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UBC Theses and Dissertations

A case study of children participating in a perceptual-motor program Lendvoy, Harry F.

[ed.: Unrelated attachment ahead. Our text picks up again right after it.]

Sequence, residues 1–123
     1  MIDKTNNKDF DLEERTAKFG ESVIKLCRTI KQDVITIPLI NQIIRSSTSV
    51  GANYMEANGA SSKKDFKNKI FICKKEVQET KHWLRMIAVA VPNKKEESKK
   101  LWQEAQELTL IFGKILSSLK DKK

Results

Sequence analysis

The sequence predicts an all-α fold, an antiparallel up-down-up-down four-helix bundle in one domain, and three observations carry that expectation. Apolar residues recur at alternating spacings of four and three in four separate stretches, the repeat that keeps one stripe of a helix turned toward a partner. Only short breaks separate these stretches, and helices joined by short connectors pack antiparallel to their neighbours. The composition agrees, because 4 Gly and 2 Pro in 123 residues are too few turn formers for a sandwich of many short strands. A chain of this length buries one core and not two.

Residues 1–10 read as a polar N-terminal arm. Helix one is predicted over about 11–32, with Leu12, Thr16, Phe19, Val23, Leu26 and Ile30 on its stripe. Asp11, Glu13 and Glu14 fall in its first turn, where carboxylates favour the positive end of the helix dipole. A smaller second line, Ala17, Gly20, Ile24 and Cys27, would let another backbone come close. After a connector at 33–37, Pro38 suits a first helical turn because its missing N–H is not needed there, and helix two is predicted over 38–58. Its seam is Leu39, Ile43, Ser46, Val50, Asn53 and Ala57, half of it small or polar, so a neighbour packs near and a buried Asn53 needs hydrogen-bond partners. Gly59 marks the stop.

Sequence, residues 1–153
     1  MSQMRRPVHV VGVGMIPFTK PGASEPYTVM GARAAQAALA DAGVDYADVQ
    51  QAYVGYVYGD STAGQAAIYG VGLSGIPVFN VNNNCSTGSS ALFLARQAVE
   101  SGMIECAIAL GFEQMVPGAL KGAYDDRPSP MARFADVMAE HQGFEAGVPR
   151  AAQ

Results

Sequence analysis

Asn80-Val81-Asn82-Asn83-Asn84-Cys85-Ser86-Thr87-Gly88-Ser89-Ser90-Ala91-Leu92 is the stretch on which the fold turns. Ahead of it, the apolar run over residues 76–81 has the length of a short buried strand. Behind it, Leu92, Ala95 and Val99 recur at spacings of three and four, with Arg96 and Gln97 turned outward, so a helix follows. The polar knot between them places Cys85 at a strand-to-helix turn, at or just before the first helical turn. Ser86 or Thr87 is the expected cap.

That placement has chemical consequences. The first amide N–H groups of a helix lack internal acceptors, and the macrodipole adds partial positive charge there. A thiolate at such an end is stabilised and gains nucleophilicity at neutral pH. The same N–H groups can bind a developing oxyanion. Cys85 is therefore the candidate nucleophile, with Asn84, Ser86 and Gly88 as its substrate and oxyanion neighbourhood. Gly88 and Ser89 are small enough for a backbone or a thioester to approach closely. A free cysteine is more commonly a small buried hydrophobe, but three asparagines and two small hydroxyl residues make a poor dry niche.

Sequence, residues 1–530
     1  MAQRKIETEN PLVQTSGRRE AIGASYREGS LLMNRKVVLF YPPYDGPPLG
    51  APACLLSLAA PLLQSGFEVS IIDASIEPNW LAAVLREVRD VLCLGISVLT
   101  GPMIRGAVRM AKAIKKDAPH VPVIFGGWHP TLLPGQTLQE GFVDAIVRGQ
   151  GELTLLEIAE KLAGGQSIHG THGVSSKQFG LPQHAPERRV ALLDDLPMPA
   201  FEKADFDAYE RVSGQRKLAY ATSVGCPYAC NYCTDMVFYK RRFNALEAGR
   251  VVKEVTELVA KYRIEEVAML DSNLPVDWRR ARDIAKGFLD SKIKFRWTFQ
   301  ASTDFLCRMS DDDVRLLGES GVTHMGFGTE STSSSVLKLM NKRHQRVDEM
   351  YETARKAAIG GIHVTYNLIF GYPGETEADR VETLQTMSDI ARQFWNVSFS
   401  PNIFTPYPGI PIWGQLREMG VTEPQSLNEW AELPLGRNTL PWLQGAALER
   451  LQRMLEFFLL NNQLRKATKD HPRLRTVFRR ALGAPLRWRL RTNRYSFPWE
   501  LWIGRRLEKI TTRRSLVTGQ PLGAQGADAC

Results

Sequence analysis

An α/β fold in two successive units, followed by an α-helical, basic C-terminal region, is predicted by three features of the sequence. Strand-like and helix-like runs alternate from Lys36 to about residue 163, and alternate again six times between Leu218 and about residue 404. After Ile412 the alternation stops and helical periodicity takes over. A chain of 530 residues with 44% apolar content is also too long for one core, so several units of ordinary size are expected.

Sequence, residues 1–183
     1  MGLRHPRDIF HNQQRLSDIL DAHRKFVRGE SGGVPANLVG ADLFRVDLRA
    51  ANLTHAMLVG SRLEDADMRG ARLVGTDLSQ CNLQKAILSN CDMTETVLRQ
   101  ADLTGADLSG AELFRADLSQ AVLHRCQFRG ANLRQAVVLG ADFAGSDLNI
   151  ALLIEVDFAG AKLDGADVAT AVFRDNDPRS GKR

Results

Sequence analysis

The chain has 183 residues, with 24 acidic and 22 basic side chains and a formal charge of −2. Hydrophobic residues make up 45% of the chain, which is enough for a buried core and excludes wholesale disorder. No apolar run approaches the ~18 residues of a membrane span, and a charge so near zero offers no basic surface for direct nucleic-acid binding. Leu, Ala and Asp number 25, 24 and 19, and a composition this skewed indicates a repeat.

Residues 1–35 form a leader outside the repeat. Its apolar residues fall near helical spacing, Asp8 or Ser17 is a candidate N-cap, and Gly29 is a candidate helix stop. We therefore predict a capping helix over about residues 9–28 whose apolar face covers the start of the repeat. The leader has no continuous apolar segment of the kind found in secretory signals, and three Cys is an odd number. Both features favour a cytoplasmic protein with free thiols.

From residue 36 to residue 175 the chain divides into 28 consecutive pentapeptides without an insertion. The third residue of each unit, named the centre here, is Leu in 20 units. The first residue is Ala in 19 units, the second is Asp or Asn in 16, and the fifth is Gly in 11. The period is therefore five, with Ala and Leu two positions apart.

The purpose of this study was to provide a description of the physical performance of a group of slow learning children who participated in a perceptual-motor program and to observe the effects of special training in motor skills on the visual perception and motor capacity of each child. Eight subjects, ranging in age from six to nine years, were selected to participate in the study. Each subject was referred to the program because of a diagnosis of retarded perceptual-motor development. The subjects were given pre-training standardized tests in General Motor Capacity and Visual Perception. They then received approximately fifty minutes of daily instruction in motor skills for a total of sixty-five days. At the conclusion of the special training period, the subjects were once again tested in general motor capacity and visual perception. The scores on the initial and final tests in motor capacity and perceptual ability were compared and the differences were recorded. A case study was conducted on each subject in order to obtain as much information as possible on each individual participating in the program. Information was obtained from medical and school records, psychologist and teacher reports, and the detailed observations of the investigator. The results indicated that difficulties in differentiation, balance and coordination appeared to be characteristic of the child having inadequate perceptual-motor development. A comparison of pre- and post-training test results showed that an improvement in motor capacity and visual perception occurred in all the subjects. Marked improvements were also observed in the children's behavior and attitude. From the findings of this study it appears that a special motor training program is a major contributor to the overall rehabilitation of the perceptually-motor handicapped child.

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